We are pleased to announce the organization of the 19th IZA/SOLE Transatlantic Meeting of Labor Economists to be held at the Ammersee Conference Center in Bavaria, Germany, on July 9-12, 2020.
Does aid work?
July 2020Buch/Ammersee, Germany
August 2020Dublin, Ireland
The aim of the conference is to bring together researchers studying organisational issues from an international comparative perspective. Contributions based on all sources of enterprise data are welcomed.
September 2020Warsaw, Poland
Following the success of the 2016, 2018 and 2019 Jobs and Development Conferences in Washington DC and Bogotá, the World Bank, IZA (Institute of Labor Economics) the Network on Jobs and Development and UNU-WIDER are organizing a follow up conference in 2020.Bonn, Germany
The aim of the meeting is to bring together senior and junior researchers to discuss their most recent research related to labor market institutions.
3rd IDSC of IZA/University of Luxembourg Workshop: Matching Workers and Jobs Online - New Developments and Opportunities for Social Science and PracticeBonn, Germany
Like many forms of economic exchange, the process of matching workers to jobs has rapidly migrated online in the last two decades. Thus, understanding how online labor matching mechanisms work; how they affect economic outcomes like employment, wages, and inequality; and learning how to take advantages of the ‘big data’ that are generated by online markets all have important implications for the future of labor.Madrid, Spain
Leaders of the employment and recruitment industry, policymakers, academics, HR practitioners and trade unionists from around the world will come together with a single purpose: to exchange views on how to steer a labour market in transformation.
This panel discussion was hosted at the London School of Economics (LSE), with questions centered on global aid policies.
In his welcome address, IZA World of Labor’s Klaus F. Zimmermann told attendees how important collaboration was across academia and policy-makers, in order to enhance and improve modes of research.
He said: "Our approach was to bring in our expertise as labor economists and to talk with development economists about creating jobs to fight poverty to contribute to the debate: does aid help? It helps to find out whether people’s lives have become better. Evidence and policy evaluation is at the heart of the issue we’re dealing with here."
The World Bank’s David A. Robalino opened the discussion by advocating greater coordination among NGOs. He suggested that aid programs could be more effectively targeted if aid organizations made greater efforts to communicate with each other.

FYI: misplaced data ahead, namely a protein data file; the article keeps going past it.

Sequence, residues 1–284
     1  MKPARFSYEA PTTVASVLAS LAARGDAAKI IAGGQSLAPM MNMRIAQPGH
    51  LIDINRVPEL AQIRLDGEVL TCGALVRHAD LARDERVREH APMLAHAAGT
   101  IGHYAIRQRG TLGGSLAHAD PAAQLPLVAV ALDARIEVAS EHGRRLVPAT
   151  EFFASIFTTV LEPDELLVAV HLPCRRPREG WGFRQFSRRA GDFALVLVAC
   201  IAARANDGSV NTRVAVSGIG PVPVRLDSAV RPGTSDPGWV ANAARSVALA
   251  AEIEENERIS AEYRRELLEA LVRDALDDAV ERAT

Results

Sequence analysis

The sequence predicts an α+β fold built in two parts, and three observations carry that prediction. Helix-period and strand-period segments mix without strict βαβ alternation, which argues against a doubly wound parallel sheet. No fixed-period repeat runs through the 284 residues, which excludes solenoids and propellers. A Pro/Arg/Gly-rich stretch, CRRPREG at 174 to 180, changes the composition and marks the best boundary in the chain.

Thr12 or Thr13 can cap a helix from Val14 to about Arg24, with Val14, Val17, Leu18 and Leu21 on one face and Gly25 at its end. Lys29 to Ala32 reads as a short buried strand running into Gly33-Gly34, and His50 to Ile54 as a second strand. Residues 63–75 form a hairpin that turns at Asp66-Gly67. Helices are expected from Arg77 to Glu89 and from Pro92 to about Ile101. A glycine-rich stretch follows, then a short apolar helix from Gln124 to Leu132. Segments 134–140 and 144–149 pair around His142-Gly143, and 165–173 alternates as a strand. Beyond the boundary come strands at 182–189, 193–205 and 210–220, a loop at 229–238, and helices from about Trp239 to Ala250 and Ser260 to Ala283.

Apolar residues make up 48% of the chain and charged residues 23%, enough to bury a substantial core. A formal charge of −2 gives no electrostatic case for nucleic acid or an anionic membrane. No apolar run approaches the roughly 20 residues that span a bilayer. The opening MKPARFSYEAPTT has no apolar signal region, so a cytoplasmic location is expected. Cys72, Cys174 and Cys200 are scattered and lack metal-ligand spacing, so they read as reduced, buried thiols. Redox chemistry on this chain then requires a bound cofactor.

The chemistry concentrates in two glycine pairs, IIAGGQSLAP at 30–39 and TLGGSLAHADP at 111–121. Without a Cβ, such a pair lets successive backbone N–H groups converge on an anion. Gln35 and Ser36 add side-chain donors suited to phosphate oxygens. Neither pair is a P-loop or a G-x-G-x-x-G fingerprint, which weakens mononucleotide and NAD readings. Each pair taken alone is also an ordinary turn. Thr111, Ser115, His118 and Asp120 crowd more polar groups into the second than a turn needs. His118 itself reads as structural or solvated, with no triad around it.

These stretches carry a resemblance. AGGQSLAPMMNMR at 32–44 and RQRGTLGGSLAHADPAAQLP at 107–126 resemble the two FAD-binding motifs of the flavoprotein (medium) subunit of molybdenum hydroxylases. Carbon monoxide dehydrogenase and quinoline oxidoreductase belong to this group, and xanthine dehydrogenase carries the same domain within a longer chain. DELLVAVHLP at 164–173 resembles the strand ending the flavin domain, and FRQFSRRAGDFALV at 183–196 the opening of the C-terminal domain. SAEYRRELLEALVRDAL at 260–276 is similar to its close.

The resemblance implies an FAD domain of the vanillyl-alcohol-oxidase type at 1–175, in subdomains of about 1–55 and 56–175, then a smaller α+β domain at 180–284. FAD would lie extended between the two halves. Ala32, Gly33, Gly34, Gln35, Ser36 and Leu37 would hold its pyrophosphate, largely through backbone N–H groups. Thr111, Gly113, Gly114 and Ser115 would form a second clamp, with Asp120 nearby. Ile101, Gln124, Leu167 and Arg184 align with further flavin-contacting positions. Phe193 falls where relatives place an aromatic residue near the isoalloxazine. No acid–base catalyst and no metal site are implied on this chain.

Robalino also noted that recent World Bank research on youth projects showed a mere 10% of programs have currently been evaluated, concluding that: "We need to create a coalition between academics and NGOs with a strong evaluation agenda."
This notion of evaluating aid programs was a key discussion point among the panelists. LSE’s Professor James Putzel highlighted the need for systematic and scientific evaluation, positing that development partners should be encouraged to evaluate their own work.
However, the speakers acknowledged the various obstacles preventing effective evaluation processes from being implemented. A core issue they discussed was the additional costs it would create, but LSE’s Gianmarco Ottaviano noted that greater use of technology is now helping countries to meet specific needs.
Of course, using technology efficiently requires a certain level of expertise, and Ottaviano said later that efforts to boost human capital and training can lead to skilled people moving to other countries with better prospects.
Ottaviano also touched upon problems stemming from national political conflict, which complicates intervention on a practical level. Nonetheless, he asserted that some programs, such as public works programs, have been shown to reduce the effects of poverty in countries where this is an issue.
The panel discussion then led to a lively debate with members of the audience, with questions surrounding: how aid programs should be regulated; whether programs should be shaped by aid recipients of donors; and whether we can improve internal governance in developing countries.
Some challenging points came from audience member Stefan Dercon, from the Department for International Development (DFID). He posited that the real question to ask was not "Does aid Work?" but "What do you do with the aid?" or "Where does aid work best?"
For Dercon, one of the first steps to improving aid should be finding ways to educate policymakers on up-to-date research, and nurturing partnerships to help them to govern their aid effectively.
The audience left the debate with plenty to think about. Poverty may seem an insurmountable problem, but the main message from these experts was one of continued communication, collaboration, and analysis. If academics, policymakers, and aid workers can work together and share their knowledge, we will all be better equipped to assess the current aid landscape, and improve how this aid is put in place.